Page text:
7. Ask if the detail refreshes what’s common. Anybody can say “The girl had brown hair.” It’s new to say “The girl’s hair was the color of the sturdy walnut trees, fringed by wisps of willow that grew around her ears.”
  8. Consider the reader’s imagination. If you’re laying out everything to such a degree that the reader can’t visualize anything for themselves, back off. Get them started with just two or three brush strokes and then get out of the way.
  9. Ask if the detail is your best option. The best details usually tell something unusual or specific.

6 Easy Ways to Improve Your Writing

House photo created by senivpetro – www.freepik.com

 

I want to get better as a writer. Most other writers I know have that goal, too. They feel obligated to improve, not just because there’s a better chance they’ll make more money, but also because they want to show everybody else just how rich the craft can be.

By far the best thing you can do to get better at writing is just to practice. But there are other easy ways to improve your ability to write well, too.

  1. Read

The more you read, the more you get exposed to different writing worlds, voices and vocabulary. You also get more general information, which helps you make decisions about what to include or exclude in the world you craft.

One sneaky trick here is to include a lot of reviews and comments in your reading. These will give you invaluable insights about what readers thought worked and didn’t work in the given content. You can avoid their mistakes and incorporate tricks writers used well with your own unique spin. As a bonus, familiarizing yourself with reviews and comments–which can be harsh, I’m not going to lie–can help you develop a thicker skin so that, when people say something about your own work, you have a better understanding that it truly isn’t personal. That keeps your confidence high so you can continue to write your best.

2. Subscribe

Your options here are far-reaching–podcasts, word-of-of-the-day texts or emails, and masterclass videos on Youtube or other sites are just some of the ways you can educate yourself and hear what other writers think and do. The best thing about subscriptions is that, once you’re signed up, everything comes to you directly with no extra research effort. All you have to do is come up with a system to keep the incoming episodes or other materials organized for later.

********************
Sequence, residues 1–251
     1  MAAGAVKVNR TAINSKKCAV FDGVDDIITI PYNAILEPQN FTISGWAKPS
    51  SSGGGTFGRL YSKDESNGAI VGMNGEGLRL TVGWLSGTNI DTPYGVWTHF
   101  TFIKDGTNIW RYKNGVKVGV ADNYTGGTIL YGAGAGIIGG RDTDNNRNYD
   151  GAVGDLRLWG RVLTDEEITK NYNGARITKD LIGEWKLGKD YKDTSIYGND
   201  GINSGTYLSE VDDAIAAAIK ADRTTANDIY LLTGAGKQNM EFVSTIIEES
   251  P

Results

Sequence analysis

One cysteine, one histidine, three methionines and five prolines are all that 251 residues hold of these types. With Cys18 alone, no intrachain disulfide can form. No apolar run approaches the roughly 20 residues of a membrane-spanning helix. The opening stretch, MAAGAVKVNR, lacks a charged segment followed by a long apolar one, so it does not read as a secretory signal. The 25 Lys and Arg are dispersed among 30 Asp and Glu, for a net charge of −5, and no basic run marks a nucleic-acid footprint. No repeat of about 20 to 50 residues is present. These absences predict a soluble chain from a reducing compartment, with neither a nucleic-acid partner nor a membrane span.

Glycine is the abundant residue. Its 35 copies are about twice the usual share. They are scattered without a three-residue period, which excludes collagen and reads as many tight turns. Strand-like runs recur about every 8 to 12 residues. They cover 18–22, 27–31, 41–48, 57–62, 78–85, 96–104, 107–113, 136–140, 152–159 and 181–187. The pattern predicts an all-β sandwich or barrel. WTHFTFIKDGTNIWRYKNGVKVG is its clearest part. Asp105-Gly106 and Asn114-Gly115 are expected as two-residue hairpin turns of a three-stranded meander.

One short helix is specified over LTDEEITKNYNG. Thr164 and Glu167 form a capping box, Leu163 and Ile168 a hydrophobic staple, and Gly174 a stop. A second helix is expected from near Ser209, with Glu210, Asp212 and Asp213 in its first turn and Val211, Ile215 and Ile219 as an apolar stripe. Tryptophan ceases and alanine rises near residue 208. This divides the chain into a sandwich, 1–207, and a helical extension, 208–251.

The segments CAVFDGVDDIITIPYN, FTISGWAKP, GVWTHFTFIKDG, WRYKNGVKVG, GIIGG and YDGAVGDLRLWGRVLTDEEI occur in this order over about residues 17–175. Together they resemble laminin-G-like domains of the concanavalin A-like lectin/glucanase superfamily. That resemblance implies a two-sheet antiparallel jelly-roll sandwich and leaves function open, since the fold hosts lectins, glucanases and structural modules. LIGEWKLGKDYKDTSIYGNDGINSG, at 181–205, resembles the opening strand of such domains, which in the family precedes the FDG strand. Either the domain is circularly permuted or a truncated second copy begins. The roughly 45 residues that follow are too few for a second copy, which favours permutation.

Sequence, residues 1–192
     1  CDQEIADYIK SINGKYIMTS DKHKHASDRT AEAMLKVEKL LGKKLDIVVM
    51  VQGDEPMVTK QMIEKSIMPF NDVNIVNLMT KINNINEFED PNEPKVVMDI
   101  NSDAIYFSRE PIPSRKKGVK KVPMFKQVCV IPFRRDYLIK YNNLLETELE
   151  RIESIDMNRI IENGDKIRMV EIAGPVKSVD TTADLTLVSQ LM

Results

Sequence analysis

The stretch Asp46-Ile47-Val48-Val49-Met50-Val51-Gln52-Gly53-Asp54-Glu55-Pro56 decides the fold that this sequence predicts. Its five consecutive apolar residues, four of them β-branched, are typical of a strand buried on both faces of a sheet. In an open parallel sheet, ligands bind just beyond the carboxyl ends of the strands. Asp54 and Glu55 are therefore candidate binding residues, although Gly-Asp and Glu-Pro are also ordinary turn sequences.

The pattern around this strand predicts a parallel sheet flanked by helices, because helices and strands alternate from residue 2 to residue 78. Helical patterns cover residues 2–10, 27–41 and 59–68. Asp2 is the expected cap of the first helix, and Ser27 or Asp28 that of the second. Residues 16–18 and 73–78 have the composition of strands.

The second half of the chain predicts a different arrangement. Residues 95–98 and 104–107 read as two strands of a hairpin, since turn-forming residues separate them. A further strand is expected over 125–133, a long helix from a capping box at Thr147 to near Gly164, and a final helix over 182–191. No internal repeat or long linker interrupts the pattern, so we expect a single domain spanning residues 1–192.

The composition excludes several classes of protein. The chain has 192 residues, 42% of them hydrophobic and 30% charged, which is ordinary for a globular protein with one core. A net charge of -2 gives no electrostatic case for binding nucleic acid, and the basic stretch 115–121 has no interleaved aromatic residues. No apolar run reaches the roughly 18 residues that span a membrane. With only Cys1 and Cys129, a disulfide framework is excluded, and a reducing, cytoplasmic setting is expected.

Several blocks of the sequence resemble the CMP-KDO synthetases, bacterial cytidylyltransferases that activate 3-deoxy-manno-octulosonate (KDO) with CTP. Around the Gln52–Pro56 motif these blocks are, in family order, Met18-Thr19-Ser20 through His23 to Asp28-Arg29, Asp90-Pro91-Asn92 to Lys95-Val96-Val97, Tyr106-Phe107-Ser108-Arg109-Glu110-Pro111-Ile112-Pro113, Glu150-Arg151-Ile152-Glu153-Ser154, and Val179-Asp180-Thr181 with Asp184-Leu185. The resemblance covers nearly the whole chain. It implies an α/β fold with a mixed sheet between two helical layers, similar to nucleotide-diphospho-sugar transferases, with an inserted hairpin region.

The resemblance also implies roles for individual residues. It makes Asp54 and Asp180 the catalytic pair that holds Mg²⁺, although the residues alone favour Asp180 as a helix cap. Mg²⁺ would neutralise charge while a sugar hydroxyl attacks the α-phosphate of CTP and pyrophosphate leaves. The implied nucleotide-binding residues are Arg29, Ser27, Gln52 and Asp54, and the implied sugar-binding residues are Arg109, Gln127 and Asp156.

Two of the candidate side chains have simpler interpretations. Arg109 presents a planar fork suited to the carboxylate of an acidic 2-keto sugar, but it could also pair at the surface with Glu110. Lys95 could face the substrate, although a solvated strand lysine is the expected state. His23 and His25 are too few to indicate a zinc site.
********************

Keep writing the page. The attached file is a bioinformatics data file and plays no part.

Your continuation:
3. Make to-do lists

It’s OK if you’re more of a fly-by-the-seat-of-your-pants writer and like spontaneity in your day. But writing any kind of to-do list teaches you to prioritize what’s important to you and to see the chronology of time better. That can help you hone in on what writing tasks deserve your time for the day so you stay out of the weeds. It can transfer over into general, loose outlining, as well.

4. Set boundaries

No, I’m not talking about telling your family to scram while you work on a draft, although doing that in a kind way certainly isn’t going to hurt. I’m talking about knowing when to stop researching, drafting or tweaking. At some point, more information just isn’t relevant, the draft is too long and all your editing is just making the work different, not better. So whether it’s saying that you’ll only Google medieval swords for an hour or that you’ll create a more digestible series if your book crosses 100,000 words, create your rules and stick to them.

5. Cross platforms

No, you don’t have to be a Twitter star or podcaster or do a million interviews. But a little fun on different platforms can get you more comfortable accepting your identity as a writer. You have to promote yourself and your work in more venues and really have to own it. Platform crossing also teaches you to present your writing in lots of ways and gives you the opportunity to interact with different audiences. You also can have opportunities to share your insights, and teaching is one of the best ways to confirm for yourself whether you really are sure of what works for you and what your philosophies behind writing are.

6. Let go

I’m a firm believer that good things can come from hanging on to unfinished drafts or ideas. The reality, however, is that you don’t need to hang on to everything. Some concepts really are *cough*….yeah. Some days, you just know it’s not right. So let those words go. Identify what really energizes you and ditch what doesn’t. Remind yourself that crossing out words, paragraphs or entire paragraphs is normal, and that it’s necessary to get an end product that’s engaging, lean and true to who you are at your best.

Writers are always growing and improving. But this isn’t just something that happens only because we get older and get more experience that can shape our content. It’s also because we make a conscious choice to grow and improve. Decide right now that you’re going to take action, and then let your ideas lead you wherever they might.